An Early Day Motion in parliament calling on an independent scientific evaluation into the validity of animal testing has gained the support of over 200 MPs and countless GPs. People want modern medicine, NOT irresponsible and outdated animal testing methods.


The biggest reason is money. Animal breeders and cage and equipmant manufacturers are multi-billion £ industries, but the biggest beneficiary is the pharmaceutical industry. Animal tests help them speed new drugs onto the market and, most significantly, give them a legal defence against public allegations of inadequate safety testing. Pharmaceutical companies use animal tests to provide liability protection when ther drugs kill or injure people. Juries are easily swayed by volumes of safety data from rats, mice, dogs and monkeys - even though it is meaningless for humans.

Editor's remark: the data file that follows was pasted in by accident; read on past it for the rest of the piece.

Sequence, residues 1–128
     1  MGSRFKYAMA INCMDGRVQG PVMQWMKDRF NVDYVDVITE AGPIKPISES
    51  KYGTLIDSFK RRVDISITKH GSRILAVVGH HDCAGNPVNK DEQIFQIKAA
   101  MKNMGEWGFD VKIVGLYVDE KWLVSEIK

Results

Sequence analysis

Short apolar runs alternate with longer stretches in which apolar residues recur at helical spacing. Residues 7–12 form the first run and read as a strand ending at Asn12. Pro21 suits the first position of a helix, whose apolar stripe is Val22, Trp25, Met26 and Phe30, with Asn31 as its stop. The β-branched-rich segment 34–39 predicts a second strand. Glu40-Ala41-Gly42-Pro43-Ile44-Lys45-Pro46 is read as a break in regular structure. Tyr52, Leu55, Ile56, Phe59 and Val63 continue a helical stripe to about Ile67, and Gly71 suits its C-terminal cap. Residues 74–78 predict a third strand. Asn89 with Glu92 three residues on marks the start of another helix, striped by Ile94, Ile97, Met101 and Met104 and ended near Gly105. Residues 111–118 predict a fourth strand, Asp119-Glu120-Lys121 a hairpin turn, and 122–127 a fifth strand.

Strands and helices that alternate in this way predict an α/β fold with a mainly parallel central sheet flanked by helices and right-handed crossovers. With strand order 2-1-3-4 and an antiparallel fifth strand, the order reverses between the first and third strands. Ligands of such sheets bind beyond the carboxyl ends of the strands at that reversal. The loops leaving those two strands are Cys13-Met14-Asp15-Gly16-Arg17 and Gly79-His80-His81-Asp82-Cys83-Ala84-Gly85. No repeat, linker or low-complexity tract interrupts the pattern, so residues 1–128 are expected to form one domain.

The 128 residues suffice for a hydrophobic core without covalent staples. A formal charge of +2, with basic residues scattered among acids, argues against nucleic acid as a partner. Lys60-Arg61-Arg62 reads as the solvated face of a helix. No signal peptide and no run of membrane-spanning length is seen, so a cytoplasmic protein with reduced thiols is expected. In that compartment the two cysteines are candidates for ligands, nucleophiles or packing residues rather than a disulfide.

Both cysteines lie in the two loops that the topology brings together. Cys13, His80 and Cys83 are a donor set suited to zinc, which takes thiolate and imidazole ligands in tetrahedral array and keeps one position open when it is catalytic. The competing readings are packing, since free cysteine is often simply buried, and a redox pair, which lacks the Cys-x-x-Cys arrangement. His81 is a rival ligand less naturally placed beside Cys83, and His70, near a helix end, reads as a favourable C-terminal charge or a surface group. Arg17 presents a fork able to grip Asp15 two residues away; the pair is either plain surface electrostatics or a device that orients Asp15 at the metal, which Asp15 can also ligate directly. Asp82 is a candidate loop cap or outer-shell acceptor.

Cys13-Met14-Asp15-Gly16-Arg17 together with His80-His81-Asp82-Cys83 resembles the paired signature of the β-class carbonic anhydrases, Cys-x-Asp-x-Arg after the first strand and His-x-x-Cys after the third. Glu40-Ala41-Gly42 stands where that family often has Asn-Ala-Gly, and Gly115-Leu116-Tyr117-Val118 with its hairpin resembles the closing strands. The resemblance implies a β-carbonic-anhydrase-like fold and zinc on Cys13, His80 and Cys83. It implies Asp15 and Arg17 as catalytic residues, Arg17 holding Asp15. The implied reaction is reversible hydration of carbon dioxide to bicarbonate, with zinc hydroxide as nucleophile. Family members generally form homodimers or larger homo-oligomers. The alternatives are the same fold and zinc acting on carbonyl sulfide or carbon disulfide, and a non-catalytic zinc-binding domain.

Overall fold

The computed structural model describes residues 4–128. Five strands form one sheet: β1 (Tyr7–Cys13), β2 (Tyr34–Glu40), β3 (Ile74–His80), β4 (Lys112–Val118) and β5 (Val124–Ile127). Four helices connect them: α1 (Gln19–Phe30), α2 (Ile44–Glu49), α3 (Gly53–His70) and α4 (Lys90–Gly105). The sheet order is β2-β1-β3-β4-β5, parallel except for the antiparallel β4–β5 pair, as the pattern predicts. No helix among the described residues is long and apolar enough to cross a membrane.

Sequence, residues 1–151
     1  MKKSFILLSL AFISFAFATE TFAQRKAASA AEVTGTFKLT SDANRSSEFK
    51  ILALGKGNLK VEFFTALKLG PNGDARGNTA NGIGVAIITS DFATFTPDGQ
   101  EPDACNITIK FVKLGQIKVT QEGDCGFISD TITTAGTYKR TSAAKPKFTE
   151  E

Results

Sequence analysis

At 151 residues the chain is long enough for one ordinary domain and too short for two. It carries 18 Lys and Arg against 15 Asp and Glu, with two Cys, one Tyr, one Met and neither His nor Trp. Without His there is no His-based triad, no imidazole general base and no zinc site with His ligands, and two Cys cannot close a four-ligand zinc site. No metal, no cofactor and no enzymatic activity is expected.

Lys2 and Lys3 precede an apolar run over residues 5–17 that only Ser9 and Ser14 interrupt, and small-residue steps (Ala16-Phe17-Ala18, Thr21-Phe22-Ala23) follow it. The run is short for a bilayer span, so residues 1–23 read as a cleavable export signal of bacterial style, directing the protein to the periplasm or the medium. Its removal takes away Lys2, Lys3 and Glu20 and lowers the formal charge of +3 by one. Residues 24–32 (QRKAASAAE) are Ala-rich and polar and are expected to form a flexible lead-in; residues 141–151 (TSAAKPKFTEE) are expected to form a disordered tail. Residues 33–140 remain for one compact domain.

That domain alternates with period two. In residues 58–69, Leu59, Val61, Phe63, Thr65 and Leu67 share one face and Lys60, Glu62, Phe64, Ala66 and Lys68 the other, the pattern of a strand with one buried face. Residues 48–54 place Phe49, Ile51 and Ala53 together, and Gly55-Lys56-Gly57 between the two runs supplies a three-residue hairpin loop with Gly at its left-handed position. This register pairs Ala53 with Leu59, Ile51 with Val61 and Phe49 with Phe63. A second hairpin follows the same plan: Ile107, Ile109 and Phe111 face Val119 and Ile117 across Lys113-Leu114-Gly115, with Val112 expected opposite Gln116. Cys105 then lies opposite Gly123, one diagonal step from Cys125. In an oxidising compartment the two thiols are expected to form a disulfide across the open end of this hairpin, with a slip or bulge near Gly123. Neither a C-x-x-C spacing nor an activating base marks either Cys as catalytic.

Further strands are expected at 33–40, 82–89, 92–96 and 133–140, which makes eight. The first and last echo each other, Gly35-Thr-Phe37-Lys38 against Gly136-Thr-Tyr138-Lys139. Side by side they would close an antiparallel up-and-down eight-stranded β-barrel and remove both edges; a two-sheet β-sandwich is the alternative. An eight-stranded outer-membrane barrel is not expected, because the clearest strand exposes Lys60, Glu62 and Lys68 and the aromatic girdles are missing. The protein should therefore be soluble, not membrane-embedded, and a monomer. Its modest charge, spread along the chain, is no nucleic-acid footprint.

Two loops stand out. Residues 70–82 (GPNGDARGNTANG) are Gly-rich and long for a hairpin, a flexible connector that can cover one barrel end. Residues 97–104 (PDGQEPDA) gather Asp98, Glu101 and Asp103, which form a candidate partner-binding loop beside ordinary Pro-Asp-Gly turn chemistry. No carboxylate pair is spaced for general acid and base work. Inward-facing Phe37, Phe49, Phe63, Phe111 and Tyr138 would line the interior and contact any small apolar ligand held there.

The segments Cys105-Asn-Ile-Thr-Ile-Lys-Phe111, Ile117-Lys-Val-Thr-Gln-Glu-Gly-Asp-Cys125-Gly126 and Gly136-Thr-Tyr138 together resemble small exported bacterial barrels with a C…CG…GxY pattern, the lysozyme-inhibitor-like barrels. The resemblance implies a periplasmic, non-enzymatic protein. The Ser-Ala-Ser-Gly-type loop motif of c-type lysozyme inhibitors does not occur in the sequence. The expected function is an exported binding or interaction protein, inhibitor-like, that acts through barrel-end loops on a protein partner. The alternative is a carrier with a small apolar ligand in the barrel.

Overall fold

Attempts to silence protesters or 'blanket label' legitimate animal rights protests as anything otherwise does absolutley nothing to address the root of the issue which is unnacceptable torture of animals in the laboratory and a real need to move toward modern, non-animal methods. Until the government and industry gets to the root of the issue, the resolve of concerned people will only be strengthened.

Overwhelming evidence shows that most animal experiments have nothing to do with curing diseases - and they certainly don't help in unlocking the causes and cures of a uniquely human phenomenon like drug abuse. We don't need more animal experiments, we need to switch to humane, modern, non-animal methods that are available and that predict accurately for humans, not animals.